Oh, if we only knew more about our users! It's a lament that we commonly hear among website owners. There are numerous ways to learn more about your users (analytics software, user surveys, focus groups, etc.), but what people often ignore are the universal truths that describe all Web users. Even if you just launched your website yesterday, you already know one important thing about your users, because it's true of all online users:
Every Web User Has a Problem They Are Trying to Solve
Every website visit ever recorded originated with someone who had a problem. Here are some example "problems":
- I need to find an affordable flight to London...
- Pests are destroying my vegetable garden...
- I can't remember who sings that song...
- I'm bored. I need to be entertained for the next 20 minutes...
Knowing this fact, the simple question is: Will you offer your users a solution, or more problems? Many people will immediately balk at the notion that they're creating problems for their users. But before you answer, consider if you are putting your users through any of the following trials:
- You have to download an applet, add-on, or specific browser to use my website (or, you can't view my site on mobile devices).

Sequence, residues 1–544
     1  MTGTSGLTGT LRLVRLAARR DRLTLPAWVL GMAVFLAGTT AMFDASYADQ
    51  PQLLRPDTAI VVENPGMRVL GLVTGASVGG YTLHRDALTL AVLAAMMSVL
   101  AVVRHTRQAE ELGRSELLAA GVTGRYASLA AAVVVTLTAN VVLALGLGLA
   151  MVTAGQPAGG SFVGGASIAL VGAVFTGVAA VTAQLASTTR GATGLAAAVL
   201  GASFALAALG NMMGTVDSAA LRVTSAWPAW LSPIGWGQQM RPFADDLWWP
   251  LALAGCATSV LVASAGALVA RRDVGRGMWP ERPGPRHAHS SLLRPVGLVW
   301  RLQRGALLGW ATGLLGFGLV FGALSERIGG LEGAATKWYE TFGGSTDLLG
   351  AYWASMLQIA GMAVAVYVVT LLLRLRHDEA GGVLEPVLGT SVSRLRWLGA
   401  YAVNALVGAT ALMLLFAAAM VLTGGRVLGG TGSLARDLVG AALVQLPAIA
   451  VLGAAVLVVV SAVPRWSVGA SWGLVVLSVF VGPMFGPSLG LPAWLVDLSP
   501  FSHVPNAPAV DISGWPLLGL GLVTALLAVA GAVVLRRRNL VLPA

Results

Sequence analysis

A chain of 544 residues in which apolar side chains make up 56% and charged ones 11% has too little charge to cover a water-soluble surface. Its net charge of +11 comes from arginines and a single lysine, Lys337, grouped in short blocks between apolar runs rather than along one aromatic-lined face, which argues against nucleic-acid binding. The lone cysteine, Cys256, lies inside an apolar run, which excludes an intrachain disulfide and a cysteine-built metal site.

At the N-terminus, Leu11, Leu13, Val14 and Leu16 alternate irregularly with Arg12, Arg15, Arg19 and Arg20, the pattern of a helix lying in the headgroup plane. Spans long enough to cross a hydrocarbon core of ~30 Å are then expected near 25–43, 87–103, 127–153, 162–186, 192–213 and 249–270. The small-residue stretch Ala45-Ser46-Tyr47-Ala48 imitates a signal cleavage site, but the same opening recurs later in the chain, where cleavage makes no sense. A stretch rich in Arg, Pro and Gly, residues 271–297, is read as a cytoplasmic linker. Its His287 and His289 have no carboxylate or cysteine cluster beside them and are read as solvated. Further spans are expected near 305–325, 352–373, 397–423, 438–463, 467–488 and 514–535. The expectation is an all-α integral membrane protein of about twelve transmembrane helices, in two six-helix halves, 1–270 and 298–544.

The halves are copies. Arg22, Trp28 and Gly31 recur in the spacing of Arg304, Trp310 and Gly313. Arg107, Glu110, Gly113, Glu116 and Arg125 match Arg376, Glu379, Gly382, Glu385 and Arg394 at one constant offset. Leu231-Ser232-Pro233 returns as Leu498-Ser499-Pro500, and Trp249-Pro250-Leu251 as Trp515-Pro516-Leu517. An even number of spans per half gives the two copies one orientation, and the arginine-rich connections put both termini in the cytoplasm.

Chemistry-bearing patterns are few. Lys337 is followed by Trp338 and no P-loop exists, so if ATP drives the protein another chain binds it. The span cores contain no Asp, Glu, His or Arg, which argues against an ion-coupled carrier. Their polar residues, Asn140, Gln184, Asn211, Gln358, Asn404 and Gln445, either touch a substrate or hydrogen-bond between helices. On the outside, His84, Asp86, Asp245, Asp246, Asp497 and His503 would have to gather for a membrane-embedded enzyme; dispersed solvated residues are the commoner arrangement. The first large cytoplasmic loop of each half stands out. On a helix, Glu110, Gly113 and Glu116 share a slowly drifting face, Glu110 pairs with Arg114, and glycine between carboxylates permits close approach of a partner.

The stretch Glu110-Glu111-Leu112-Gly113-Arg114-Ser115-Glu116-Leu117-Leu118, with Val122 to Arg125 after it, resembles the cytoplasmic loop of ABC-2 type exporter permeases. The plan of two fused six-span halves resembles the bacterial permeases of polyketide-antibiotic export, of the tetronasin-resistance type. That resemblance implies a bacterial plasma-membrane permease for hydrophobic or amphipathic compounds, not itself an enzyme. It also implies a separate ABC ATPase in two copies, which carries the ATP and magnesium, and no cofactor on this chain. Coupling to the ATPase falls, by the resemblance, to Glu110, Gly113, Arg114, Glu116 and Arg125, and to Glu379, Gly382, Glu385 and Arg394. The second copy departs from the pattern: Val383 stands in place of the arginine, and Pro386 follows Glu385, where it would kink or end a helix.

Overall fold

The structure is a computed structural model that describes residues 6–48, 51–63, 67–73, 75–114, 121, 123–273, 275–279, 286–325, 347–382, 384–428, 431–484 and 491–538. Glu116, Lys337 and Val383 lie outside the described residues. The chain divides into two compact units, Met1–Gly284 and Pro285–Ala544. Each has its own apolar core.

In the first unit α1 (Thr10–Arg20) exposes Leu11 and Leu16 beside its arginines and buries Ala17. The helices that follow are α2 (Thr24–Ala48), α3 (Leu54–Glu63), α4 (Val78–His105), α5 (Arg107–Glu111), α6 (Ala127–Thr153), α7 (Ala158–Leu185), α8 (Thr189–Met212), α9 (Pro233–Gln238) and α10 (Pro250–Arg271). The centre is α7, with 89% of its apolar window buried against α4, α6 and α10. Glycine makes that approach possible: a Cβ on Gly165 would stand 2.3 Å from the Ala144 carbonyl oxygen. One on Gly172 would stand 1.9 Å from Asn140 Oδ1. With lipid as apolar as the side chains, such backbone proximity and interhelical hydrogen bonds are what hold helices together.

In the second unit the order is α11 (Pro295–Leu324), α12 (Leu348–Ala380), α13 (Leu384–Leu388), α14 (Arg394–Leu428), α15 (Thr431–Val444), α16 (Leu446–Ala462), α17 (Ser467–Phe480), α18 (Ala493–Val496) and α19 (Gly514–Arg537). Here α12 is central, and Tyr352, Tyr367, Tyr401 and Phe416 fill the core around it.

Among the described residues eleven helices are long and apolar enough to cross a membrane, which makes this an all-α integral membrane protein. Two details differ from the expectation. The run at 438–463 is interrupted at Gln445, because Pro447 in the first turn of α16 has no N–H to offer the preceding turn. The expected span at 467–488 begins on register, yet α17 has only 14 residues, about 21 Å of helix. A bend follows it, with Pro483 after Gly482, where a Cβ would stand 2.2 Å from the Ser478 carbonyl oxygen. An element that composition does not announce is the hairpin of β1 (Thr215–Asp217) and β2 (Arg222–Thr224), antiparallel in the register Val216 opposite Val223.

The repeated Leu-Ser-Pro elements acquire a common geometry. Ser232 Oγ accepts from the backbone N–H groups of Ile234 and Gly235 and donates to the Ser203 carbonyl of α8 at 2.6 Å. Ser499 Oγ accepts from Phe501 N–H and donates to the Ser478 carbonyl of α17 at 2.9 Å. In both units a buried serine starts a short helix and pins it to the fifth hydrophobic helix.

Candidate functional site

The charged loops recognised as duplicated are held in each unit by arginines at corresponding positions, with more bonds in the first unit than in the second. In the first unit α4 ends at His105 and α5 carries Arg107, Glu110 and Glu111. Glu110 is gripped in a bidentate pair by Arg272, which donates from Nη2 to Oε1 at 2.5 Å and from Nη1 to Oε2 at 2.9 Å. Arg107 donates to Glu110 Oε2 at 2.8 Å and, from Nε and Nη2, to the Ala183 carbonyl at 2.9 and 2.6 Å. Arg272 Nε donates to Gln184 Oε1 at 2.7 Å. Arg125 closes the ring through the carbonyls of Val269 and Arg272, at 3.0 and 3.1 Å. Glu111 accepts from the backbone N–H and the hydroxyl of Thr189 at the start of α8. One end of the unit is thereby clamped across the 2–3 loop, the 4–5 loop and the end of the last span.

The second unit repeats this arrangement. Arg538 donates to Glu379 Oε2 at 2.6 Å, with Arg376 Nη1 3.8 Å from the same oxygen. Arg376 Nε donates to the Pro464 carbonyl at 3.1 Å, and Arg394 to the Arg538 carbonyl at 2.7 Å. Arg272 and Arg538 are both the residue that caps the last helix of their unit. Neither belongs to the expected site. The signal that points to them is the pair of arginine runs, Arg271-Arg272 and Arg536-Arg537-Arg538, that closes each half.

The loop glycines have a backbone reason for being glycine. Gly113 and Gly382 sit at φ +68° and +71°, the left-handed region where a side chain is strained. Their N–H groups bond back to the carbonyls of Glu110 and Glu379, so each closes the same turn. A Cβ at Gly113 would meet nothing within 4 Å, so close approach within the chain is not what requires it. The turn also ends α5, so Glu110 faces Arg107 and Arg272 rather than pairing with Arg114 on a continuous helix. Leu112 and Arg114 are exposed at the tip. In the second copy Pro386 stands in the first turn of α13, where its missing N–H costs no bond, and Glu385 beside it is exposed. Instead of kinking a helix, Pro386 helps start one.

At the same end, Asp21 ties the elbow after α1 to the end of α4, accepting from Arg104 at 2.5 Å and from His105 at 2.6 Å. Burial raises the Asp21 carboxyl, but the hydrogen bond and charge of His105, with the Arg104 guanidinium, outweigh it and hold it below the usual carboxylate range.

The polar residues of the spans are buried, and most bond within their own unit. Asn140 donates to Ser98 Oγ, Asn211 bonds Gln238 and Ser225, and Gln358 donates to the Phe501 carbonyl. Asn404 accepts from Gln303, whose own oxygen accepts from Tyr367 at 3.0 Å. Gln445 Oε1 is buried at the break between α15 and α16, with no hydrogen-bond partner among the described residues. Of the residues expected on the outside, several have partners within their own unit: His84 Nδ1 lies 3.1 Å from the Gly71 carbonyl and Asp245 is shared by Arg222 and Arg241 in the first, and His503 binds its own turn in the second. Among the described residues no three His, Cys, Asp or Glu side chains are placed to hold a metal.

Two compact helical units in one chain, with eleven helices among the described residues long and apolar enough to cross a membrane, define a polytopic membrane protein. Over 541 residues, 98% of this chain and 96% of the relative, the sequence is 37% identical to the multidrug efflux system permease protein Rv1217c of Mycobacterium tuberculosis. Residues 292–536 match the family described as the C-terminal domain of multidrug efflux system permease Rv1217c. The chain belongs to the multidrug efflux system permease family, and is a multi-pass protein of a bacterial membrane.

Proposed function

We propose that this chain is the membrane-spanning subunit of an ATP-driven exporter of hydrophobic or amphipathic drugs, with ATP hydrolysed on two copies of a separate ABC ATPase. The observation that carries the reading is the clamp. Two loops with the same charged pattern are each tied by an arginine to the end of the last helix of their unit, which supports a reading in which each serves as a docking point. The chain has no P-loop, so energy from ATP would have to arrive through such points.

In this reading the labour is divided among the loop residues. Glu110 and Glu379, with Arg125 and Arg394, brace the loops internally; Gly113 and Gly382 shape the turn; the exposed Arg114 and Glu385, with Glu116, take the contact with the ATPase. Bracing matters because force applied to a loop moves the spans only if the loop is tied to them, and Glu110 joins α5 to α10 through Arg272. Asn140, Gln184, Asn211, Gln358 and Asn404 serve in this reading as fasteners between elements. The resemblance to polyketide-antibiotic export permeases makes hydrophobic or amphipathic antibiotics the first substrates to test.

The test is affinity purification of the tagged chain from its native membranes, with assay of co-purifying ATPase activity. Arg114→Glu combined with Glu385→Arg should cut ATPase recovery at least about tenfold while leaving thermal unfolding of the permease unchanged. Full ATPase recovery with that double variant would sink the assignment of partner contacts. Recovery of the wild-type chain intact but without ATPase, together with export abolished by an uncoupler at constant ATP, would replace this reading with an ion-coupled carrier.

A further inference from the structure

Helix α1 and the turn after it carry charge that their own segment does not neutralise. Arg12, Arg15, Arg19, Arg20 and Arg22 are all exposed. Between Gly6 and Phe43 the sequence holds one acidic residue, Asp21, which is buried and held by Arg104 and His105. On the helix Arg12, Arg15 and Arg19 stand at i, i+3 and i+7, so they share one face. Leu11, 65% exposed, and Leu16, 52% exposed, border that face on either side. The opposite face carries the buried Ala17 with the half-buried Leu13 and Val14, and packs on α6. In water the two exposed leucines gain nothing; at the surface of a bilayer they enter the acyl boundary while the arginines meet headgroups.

- You have to go through three or four (or more) levels of navigation to find the information you're looking for.
- You have to complete a multi-step registration process to see any content in full.
- My website is not 508 compliant (users with some disabilities can't access my site).
These are obvious issues, but study your website carefully, and keep in mind that even the smallest annoyance will be considered a "problem" by some of your users. Which leads us to our second universal truth...
Web Users are Very Impatient
This fact cannot be overstated. You may be willing to wait 20 seconds for your beautiful website to load, but the overwhelming majority of your visitors will not be so understanding. After as little as five or six seconds of waiting, some of your users will conclude that your site isn't working or isn't worth it.
Today's speed of information exchange has trained the average person to expect instant answers. When this expectation is violated, people become frustrated. This means it is imperative to minimize page load times. It also means you need to minimize the number of pages the user needs to navigate through by simplifying navigation, offering search functionality if you have more than seven or eight pages on your site, and (if applicable) clearly guiding new visitors through exactly what they need to do to get started.
If it falls within your budget, focus groups and user testing can return valuable data on where users fail on your site. If you don't have the resources for this, examine your website with a very critical eye. At every turn, ask yourself if you could make things any simpler for your users. If so, why don't you? Because if you don't, someone else will.